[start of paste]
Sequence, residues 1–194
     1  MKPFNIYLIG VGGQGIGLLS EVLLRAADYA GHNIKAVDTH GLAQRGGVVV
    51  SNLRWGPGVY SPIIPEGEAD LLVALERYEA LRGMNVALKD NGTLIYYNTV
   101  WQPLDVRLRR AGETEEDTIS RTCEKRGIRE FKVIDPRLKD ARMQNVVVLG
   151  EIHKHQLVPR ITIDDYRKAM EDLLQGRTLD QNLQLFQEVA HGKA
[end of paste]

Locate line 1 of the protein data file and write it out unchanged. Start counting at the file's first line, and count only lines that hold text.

Sequence, residues 1–194